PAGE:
What's In Blue

Posted Wed 11 May 2011

Insights on Syria

The escalation of the Syrian government’s suppression of public protests over the past weeks has led to increased pressure against Syria, including from a number of Council members. The UK and France seem interested in initiating a possible Council response to the situation.

Divisions in the Council seem to be continuing to affect its ability to engage effectively on this and other emerging situations in the Middle East. The Syrian situation was raised in the 10 May open debate on Protection of Civilians by OCHA head Valerie Amos, as well as in the statements of Council members Germany, France, Portugal and the UK. Particular emphasis was placed on issues of humanitarian access and accountability.

Previously this week, it seems that the UK and France raised Syria in Council discussions on three occasions, following the briefing of the ICC prosecutor on Libya on 4 May, during the consultations on resolution 1559 (Lebanon) on 6 May and in the consultations with Amos on Libya on 9 May. Looking ahead it seems highly likely that Syria will continue to feature during the monthly briefing from DPA in consultations on 13 May and in the monthly briefing and consultations on the Middle East on 19 May. (Regarding the 13 May DPA briefing Libya and Yemen may also be items for discussion.)

Several Council members agree that the Syrian situation, at this stage, is an internal matter and not a question of international peace and security. Other Council members seem concerned about discussion of Syria in the context of protection of civilians, believing that because there is not an armed conflict in Syria the POC normative framework is not the one to apply. Instead it is a matter arising under responsibility to protect (R2P) and extreme violations of human rights law.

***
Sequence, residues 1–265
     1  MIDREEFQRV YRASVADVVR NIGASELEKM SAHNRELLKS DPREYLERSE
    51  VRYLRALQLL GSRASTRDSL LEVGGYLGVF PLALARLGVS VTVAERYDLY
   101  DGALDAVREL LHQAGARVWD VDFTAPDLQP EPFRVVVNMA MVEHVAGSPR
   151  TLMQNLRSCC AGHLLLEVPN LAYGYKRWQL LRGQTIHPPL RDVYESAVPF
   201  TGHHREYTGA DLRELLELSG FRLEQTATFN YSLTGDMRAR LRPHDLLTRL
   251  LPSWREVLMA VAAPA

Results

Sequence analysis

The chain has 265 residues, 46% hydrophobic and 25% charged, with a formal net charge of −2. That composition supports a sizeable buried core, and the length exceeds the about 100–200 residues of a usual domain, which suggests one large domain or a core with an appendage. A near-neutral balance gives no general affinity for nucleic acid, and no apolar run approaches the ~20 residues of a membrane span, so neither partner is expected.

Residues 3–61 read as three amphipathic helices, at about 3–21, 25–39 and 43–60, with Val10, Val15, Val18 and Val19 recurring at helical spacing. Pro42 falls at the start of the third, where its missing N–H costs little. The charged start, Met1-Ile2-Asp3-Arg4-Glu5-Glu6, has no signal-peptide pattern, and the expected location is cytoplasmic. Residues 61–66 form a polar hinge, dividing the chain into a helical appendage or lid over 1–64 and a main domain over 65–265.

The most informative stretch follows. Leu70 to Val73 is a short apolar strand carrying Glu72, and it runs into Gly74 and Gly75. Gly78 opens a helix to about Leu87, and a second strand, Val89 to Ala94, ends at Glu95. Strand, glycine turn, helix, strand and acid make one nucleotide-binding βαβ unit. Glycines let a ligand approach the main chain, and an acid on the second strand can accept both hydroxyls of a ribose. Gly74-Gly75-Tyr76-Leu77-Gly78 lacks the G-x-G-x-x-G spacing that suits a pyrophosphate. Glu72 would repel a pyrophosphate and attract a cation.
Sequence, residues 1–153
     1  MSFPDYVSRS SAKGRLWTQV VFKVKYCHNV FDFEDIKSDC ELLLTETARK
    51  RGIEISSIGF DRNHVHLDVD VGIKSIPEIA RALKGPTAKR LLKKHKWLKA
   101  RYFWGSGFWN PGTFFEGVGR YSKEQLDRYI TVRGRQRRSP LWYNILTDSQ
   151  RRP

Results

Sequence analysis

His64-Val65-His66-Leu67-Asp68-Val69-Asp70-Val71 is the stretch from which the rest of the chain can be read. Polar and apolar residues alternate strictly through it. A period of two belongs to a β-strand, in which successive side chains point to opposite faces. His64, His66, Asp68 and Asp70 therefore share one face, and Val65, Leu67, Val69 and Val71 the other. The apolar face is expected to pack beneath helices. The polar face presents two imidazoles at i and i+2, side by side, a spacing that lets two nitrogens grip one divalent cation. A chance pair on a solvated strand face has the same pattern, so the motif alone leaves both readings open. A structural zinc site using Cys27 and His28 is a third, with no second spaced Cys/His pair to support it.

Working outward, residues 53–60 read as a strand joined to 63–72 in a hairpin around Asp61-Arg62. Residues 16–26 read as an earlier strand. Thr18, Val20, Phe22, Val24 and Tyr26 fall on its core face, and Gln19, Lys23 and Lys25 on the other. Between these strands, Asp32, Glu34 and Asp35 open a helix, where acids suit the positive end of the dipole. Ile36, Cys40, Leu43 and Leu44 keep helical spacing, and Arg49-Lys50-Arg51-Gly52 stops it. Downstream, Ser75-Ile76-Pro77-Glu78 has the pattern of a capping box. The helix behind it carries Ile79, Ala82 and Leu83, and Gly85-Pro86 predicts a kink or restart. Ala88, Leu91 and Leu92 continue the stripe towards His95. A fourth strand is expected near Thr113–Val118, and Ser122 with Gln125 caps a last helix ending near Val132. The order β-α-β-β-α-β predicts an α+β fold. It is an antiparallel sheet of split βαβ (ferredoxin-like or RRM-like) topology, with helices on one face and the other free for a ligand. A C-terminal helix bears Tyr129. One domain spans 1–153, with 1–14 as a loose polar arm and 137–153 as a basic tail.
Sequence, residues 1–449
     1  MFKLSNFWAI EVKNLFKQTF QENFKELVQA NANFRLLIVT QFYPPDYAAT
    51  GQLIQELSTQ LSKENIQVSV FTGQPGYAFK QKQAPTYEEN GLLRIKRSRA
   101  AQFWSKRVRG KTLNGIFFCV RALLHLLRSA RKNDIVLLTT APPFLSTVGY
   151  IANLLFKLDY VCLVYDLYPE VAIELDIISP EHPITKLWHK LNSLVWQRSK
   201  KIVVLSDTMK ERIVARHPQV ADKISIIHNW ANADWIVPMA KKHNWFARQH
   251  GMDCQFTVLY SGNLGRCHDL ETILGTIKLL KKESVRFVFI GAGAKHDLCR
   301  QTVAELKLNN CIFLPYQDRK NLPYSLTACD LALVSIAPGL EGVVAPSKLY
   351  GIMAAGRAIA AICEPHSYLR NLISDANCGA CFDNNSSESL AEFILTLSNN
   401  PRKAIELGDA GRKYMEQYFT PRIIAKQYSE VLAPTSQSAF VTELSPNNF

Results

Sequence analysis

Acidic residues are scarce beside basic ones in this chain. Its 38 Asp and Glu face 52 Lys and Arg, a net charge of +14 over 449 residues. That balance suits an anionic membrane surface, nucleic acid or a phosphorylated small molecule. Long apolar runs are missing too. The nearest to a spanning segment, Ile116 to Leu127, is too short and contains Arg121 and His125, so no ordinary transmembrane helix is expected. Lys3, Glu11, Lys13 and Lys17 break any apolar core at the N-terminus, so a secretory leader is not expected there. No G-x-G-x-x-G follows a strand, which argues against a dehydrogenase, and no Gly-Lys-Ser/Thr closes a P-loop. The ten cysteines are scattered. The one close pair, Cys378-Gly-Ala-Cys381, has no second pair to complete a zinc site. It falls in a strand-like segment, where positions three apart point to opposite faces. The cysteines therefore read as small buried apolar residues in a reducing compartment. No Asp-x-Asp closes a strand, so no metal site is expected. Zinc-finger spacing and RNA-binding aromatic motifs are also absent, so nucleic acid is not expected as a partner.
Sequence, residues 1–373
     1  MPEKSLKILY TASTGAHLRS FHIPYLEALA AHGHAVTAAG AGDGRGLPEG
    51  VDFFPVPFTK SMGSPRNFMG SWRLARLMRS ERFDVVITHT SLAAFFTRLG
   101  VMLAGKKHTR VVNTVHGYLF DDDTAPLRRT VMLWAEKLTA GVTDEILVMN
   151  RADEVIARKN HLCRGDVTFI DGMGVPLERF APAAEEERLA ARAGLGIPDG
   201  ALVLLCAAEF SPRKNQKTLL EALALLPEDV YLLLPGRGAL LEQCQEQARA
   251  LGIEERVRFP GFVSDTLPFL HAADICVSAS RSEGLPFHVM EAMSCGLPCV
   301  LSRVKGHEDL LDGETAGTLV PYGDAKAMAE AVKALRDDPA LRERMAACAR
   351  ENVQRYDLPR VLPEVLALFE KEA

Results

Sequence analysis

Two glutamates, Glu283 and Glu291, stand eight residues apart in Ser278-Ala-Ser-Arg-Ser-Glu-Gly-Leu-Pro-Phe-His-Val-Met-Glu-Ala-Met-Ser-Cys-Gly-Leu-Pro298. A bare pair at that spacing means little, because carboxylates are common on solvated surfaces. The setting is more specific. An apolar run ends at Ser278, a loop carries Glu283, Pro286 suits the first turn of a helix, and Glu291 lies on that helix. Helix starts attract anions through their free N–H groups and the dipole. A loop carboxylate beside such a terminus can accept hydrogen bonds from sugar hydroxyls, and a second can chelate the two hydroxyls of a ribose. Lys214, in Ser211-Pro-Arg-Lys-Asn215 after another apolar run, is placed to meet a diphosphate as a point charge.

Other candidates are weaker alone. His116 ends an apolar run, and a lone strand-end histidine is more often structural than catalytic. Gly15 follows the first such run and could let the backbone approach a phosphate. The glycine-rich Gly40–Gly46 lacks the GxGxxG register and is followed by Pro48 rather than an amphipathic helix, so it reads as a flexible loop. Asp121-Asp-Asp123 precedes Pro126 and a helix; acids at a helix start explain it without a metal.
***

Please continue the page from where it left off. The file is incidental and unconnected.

Most Council members seem to recognise that the Syrian situation exhibits an excessive use of force in violation of international human rights laws, particularly with respect to killing protestors, suppressing protests and arbitrary detentions. But as there is no armed conflict the concept of protection of civilians does not apply.

During yesterday’s Protection of Civilians debate the New York office of the High Commissioner for Human Rights announced that, at the request of the Human Rights Council, it would send an investigative mission to Syria with preliminary findings expected in June.

There seems also to be increased opposition to Syria’s bid for membership of the UN’s Geneva-based Human Rights Council. The election is due to be held on 20 May. As of last week the Asia slate was uncontested with Syria, India, Indonesia and the Philippines vying for the four vacancies. But on 9 May Kuwait announced its candidacy as another Arab candidate for the Asia slate.

On 6 May the EU announced unilateral sanctions against members of the Syrian ruling elite, but not against Syrian President Bashar al-Assad. The EU is considering further sanctions this week.

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